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Helen Gurley Brown and Second Wave Feminism - Essay Example

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Second wave feminism refers to the feminist activity period that started in the US in the 1960s. This broadened its focus from the first wave feminism which focused on suffrage and a battle for gender equality to a myriad of issues including sexuality, reproductive rights, family and workplace among others (DuBois and Dumenil 2012). …
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Helen Gurley Brown and Second Wave Feminism
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Helen Gurley Brown and Second Wave Feminism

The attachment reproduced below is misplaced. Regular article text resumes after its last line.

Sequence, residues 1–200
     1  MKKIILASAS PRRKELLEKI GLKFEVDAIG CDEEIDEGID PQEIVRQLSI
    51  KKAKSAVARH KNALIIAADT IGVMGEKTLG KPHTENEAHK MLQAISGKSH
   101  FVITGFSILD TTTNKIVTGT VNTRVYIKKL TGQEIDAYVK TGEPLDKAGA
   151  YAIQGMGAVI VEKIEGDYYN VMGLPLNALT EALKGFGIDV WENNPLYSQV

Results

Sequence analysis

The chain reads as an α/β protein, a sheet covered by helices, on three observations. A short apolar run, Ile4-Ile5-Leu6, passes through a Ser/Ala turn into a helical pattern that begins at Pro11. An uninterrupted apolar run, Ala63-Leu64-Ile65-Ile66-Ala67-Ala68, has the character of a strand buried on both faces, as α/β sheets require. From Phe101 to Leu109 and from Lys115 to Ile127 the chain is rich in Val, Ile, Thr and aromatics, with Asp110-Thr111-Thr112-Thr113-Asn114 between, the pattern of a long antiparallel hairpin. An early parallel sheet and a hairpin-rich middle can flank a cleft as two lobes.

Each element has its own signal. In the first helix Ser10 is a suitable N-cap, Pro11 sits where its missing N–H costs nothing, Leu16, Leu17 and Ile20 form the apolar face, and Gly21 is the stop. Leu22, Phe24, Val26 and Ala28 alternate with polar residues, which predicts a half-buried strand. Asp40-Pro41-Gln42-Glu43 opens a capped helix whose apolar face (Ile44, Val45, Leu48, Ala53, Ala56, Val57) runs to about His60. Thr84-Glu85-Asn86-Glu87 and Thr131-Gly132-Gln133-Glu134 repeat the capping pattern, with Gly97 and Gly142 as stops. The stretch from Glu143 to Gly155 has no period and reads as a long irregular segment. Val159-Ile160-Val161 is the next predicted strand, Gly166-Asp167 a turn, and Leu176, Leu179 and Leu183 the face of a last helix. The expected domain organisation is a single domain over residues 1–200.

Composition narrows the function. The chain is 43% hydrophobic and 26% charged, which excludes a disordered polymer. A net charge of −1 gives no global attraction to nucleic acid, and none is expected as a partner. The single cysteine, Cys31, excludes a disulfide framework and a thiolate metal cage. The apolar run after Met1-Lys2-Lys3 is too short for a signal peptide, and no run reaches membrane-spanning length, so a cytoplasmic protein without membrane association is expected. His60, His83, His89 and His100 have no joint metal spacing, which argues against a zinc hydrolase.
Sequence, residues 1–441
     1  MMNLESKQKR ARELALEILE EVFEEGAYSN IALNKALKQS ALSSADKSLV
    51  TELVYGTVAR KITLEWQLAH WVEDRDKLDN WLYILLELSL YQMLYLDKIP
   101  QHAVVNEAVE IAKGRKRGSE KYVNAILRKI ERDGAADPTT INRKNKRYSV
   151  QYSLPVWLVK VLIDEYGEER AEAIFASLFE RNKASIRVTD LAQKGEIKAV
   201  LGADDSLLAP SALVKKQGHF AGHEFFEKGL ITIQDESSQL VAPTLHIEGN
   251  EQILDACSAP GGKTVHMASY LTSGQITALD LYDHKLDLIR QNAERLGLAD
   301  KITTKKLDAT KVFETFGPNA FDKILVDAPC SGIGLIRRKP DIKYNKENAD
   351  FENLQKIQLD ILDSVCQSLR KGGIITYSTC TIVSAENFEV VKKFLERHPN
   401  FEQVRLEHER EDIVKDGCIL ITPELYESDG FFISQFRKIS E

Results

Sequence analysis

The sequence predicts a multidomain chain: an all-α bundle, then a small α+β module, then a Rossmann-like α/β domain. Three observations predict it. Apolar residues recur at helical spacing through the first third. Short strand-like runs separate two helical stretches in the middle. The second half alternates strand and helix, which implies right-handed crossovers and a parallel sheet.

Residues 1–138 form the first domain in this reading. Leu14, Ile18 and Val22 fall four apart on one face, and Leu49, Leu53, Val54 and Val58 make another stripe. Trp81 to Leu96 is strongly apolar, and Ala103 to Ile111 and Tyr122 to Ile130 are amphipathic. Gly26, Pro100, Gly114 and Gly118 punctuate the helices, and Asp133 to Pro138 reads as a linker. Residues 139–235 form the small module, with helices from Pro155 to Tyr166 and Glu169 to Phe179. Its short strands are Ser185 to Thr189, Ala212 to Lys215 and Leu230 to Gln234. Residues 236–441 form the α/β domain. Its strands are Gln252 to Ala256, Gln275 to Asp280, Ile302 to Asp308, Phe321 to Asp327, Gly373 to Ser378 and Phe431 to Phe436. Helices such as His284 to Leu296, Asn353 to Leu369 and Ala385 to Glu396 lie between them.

Download file to see previous pages... The second wave feminism battled against domestic violence, giving proposals on the establishment of marital rape laws, divorce laws and establishing shelters for battered women. As put by Scanlon, it was a movement of obsession with “women’s professional opportunities” and “about their dating prospects” (2009, x). It is believed to have ended in the early 1980s, paving way for third-wave feminism. The work and life of Helen Gurley Brown was observed as being impertinent and daring. It entailed a celebration of feminism and the sexual practices that women enjoyed, thus giving an appropriate understanding of the second wave movement and further providing a vantage point to view the third wave feminism. Born in 1922 in Green Forest, Arkansas, Brown never noticed as she inherited some aspects of her young life and traditions (Scanlon 2009, 1). Her father died when she was young, something that caused her mother a lot of bitterness, claiming that the husband had enslaved her through motherhood and marriage and later left her alone even after she had quit her job to undertake these responsibilities. The realization of her mother’s feelings opened up Brown to feminism (Scanlon 2009, 11). She grew up to author an international best-seller in 1962 titled, Sex and the Single Girl. Additionally, she became the editor of Cosmopolitan magazine for over thirty years, giving her audience articles such as “if you're not a sex object, you're in trouble” and “good girls go to heaven, bad girls go everywhere” that brought out her feminist ideologies. Even so, Brown faced criticisms from various second wave feminists with regard to the messages carried in her books and the Cosmopolitan. First, Brown was criticized of focusing on her individuality as opposed to the group identity of the body of women. Having come from a background of no education and poverty, Brown worked herself up the economic ladder and secured herself employment. She did not allow herself to be held back by structural barriers which she fought against on her way up from a secretary to a copywriter and further to a popular magazine editor (Scanlon 2009, 25). She did not prescribe to overthrowing systems but working towards change. This saw her succeed in her career at Cosmopolitan, earning her a loyal movement of women who prescribed to her philosophies. The women and men equality that Brown prescribed to differed from what other feminists taught. Brown believed that the equality of women to men was in the sexual desire of women. She further alluded to their right to be sexual whether outside or inside marriage. In Cosmopolitan, Brown wrote articles promoting not just economic access equality but also sexual freedom equality. She was an ardent supporter of the Equal Rights Amendment, ERA alongside her support for rights to abortion (Scanlon 2009, 256). The second-wave feminists considered men in the then patriarchal society as enemies because they limited opportunities for women. These men took advantage of the caring and nurturing nature of women to confine them to motherhood, denying them their chances in the professional world. These feminists perceived marriage and children as tools used by men to oppress women. On the contrary, Brown did not consider men as enemies, choosing to perceive women as being equal to men in all aspects including their ability to abuse power and playing the games men play in dating. She was therefore criticized of having been absorbed into a system that was oppressive to women. However, Brown argued that she was being a realist and appreciated that if men made rules, then women should have ...Download file to see next pagesRead More
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